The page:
When the Bucs have changed coaches before
Jon Gruden is the 7th head coach in the 31-year history of the Tampa Bay Buccaneers. With increasing speculation over his future, it is interesting to look back at the other six coaches and the reasons surrounding their departure from the position they held.

John McKay 1984
The Bucs' first head coach is the only one not to have been fired. In spite of calls by fans and media alike in 1978 and 1983, the cigar-chomping wise-cracker would probably never have been fired by then-owner Hugh Culverhouse. McKay instead chose to retire at the end of 1984 and announced his decision after a last-second loss to Minnesota in November that year.

It was no secret that he was frustrated by Culverhouse's increasing penny-pinching ways and the fact that he had not been able to sign veteran kicker Jan Stenerud before the start of the season. Stenerud kicked that late fieldgoal for the Vikings and McKay was heard to announce "I don't need this any more" on the sideline and announced his retirement the following morning.

Leeman Bennett 1986
After a pair of 2-14 seasons, Bennett was still somehow expecting to be retained for the following year and apparently had been told so by Hugh Culverhouse. But the owner then changed his mind, fired Bennett just before a press conference at One Buc Place, and then made the now ex-coach sit there for 20 minutes before announcing it to everyone else.

Ray Perkins 1990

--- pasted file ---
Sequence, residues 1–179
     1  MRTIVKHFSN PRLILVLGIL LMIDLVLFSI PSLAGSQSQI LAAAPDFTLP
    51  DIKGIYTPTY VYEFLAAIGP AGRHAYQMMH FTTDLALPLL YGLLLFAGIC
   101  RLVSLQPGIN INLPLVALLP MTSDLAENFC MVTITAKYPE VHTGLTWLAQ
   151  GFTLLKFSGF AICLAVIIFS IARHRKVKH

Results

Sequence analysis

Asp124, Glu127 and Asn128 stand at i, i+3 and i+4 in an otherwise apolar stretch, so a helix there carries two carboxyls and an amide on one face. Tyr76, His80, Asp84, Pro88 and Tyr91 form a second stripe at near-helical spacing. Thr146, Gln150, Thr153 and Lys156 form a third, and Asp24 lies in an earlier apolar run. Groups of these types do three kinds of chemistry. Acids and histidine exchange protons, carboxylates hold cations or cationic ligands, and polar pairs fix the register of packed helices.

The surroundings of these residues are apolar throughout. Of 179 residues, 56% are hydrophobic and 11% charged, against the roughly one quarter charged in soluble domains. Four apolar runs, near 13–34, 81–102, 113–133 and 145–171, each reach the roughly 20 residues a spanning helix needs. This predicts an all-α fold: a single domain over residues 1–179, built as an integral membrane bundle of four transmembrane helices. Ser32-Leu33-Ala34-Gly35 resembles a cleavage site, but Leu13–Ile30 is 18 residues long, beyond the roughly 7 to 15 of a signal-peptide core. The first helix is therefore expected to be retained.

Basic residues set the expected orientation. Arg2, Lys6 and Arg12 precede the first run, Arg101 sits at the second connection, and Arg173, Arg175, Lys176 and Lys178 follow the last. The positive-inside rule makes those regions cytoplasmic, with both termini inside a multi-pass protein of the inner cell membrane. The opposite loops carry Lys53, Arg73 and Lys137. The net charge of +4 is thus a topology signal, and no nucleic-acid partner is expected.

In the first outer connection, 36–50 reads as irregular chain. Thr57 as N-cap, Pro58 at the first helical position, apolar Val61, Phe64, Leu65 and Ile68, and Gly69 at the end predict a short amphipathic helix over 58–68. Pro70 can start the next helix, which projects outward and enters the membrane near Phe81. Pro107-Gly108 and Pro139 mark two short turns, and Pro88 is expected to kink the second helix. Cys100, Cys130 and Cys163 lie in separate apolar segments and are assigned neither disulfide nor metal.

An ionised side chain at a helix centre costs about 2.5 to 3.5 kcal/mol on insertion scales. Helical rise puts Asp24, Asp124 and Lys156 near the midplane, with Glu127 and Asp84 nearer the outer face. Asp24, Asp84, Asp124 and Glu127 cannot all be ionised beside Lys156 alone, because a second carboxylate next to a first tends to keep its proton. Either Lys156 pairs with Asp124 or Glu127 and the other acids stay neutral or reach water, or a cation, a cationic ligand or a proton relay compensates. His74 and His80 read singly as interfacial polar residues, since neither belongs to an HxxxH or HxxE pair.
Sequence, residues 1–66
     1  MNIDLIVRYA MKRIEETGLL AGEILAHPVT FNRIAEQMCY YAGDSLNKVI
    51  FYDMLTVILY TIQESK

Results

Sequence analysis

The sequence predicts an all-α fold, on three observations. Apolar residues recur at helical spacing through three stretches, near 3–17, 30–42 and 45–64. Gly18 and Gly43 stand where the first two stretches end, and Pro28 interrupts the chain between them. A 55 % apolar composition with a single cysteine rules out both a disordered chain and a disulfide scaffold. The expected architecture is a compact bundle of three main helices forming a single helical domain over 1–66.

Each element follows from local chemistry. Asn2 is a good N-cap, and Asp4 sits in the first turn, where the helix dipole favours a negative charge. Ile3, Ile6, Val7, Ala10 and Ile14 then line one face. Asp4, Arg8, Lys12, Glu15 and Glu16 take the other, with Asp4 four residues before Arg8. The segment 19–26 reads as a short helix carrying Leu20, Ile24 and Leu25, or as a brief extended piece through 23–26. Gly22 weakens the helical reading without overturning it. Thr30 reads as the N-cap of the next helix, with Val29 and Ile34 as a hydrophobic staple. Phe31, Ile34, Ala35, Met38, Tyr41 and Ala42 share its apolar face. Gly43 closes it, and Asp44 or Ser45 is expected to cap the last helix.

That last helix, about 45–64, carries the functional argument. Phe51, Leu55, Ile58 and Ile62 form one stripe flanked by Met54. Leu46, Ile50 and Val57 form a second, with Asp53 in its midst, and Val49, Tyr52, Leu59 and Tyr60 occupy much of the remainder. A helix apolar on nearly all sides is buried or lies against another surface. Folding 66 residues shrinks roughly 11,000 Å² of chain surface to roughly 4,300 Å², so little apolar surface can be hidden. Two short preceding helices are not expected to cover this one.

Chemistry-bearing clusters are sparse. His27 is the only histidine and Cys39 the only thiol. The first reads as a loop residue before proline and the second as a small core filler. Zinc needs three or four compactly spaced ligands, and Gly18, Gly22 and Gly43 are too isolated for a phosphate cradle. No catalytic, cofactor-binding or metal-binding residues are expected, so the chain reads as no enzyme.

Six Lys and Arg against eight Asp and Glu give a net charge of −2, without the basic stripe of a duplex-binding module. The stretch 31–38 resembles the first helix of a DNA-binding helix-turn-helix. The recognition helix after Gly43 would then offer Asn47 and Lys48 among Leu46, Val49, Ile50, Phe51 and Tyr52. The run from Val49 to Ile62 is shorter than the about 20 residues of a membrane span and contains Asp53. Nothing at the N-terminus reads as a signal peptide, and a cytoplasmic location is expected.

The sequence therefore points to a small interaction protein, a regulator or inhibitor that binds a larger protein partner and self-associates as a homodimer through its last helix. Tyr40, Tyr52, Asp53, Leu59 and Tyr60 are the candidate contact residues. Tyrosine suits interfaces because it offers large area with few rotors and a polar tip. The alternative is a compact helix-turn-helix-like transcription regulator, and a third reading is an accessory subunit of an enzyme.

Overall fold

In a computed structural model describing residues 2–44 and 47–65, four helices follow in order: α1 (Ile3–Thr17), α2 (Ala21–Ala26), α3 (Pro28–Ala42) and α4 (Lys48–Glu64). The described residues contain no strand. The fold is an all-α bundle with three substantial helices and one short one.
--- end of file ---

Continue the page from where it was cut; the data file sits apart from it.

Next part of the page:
After a pair of false dawns early in both 1989 and 1990, Perkins' team was sitting at 4-8 and a six-game losing streak when the disciplinarian coach had a row with the local media about his future on the way back from a game with the Packers. Despite beating the Falcons 23-17 to end the skid, Perkins admitted to The Orlando Sentinel, "I think I'm gone" and for once in his four years, he was absolutely spot on. Culverhouse sacked him the following morning and ended up giving the job to stand-in coach Richard Williamson at the end of the 1990 season after the latter went 1-2 over the final three games.

Richard Williamson 1991
And having presided over a 3-13 season in which the Bucs' locker room was totally out of control, Culverhouse let Williamson go a year into his two-year contract. After the strict nature of Ray Perkins, Richard Williamson was seen to be the "good cop" to Perkins' "bad cop" mentality. What transpired was the likes of Broderick Thomas and Jesse Solomon doing whatever they wanted in the locker room and the team went downhill with them.

Sam Wyche 1995
He probably should have gone the year before but a four-game winning streak at the end of 1994 kept him around for another year, and the Glazer family did not want to start their ownership by immediately sacking the coach (in spite of what some of those Shareholder United morons tried to have the British media believe). By the end of 1995, the Bucs might have been 7-9, but all of the players hated Wyche, all of the media hated him and all of the fans hated him. Hence he was out three days after the season finale against Detroit.

Tony Dungy 2001
I called his final game live on Sky Sports and spent most of the fourth quarter saying he was out as coach. Dungy had done a fantastic job in the re-building of the franchise from the ruins of the mid 1990s but the team was going backwards and was going to waste one of the best defenses in the NFL. There was a limited window of opportunity for the team to win and it was not going to happen with Tony in charge. Of course he immediately got a job in Indianapolis and Jon Gruden won the Super Bowl the following year for the Buccaneers.

Paul Stewart, December 2006